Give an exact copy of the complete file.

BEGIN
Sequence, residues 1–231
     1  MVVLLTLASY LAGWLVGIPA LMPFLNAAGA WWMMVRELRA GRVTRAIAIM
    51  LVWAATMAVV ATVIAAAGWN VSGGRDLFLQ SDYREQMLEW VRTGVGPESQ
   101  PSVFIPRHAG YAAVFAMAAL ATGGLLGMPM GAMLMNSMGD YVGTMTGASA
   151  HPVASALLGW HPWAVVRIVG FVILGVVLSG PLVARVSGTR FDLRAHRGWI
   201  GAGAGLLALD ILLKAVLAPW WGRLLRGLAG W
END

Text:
Sequence, residues 1–231
     1  MVVLLTLASY LAGWLVGIPA LMPFLNAAGA WWMMVRELRA GRVTRAIAIM
    51  LVWAATMAVV ATVIAAAGWN VSGGRDLFLQ SDYREQMLEW VRTGVGPESQ
   101  PSVFIPRHAG YAAVFAMAAL ATGGLLGMPM GAMLMNSMGD YVGTMTGASA
   151  HPVASALLGW HPWAVVRIVG FVILGVVLSG PLVARVSGTR FDLRAHRGWI
   201  GAGAGLLALD ILLKAVLAPW WGRLLRGLAG W